So Beethoven did was he could to “learn” from Mozart – by hearing his music, studying his scores and playing his concertos (he was well known for his performance of Mozart's C Minor Concerto which, presumably, influenced his own C Minor concerto a few years later).
Did he “imitate” Mozart's E-flat Divertimento when he came to write his own string trios?
It's unlikely he was unaware of it. There are four other trios before the C Minor one on this program, and it might be more effective to listen to them in chronological order to see how similar these earlier ones are to their possible model.
Here is the opening movement of the first string trio, Op. 3, with the autograph score!
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Even here, this is obviously already Beethoven, not a slavish imitation of Mozart's style.
And while we don't know exactly what order the Op. 9 trios were written, it's quite possible the C Minor, like the third of the piano trios in the same key, was not the last to be completed.
While Beethoven might have “imitated” Mozart by taking his Quintet for Piano and Winds in E-flat, K.452 of 1784 and “doing likewise” in what became his quintet for the same instruments in the same key (Op. 16 of 1796-97), he might by now have assimilated enough of Mozart's style into his own not to need direct models.
|Beethoven, perhaps before 1800|
The first movement of the C Minor String Trio - like Mozart's E-flat Divertimento - opens with a brief unison statement. But from there, it goes off in a direction clearly Beethoven's. But there's much more Mozart beneath the surface than may seem obvious to the casual listener.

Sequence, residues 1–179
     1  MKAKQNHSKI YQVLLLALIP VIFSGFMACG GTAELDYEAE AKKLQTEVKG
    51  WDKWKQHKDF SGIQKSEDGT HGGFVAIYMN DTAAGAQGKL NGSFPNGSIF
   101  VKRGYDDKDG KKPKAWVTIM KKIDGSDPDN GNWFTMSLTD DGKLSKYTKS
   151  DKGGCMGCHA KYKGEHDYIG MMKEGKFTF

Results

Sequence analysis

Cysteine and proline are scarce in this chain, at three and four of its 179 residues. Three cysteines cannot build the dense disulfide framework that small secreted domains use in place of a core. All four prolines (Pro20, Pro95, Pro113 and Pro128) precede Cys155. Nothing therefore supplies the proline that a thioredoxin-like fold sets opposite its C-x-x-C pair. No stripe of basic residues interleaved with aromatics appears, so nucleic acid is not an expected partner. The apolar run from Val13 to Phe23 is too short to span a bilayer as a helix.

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The following year, he would begin work on his first six string quartets which would mark the high-point of “Early Beethoven” and point the way forward into the new century.
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Though the last in chronological order, Schubert's one movement String Trio in B-flat, D.471 (to distinguish it from another String Trio also in B-flat Major, D.581, a complete, four-movement trio written the next year) is second on the program and perhaps it's better that way. You can hear the more direct influence of Mozart on Schubert rather than Beethoven's intervening take on Mozart (written almost two decades earlier) which would have little or no influence on Schubert at this time.
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|Franz Schubert at 17|
Like Mozart's early works, Schubert's are derivative of the age he lived in – barring Beethoven – and while many do not seem terribly innovative, even those two songs are enough to make us realize that here is a true and (already) original talent.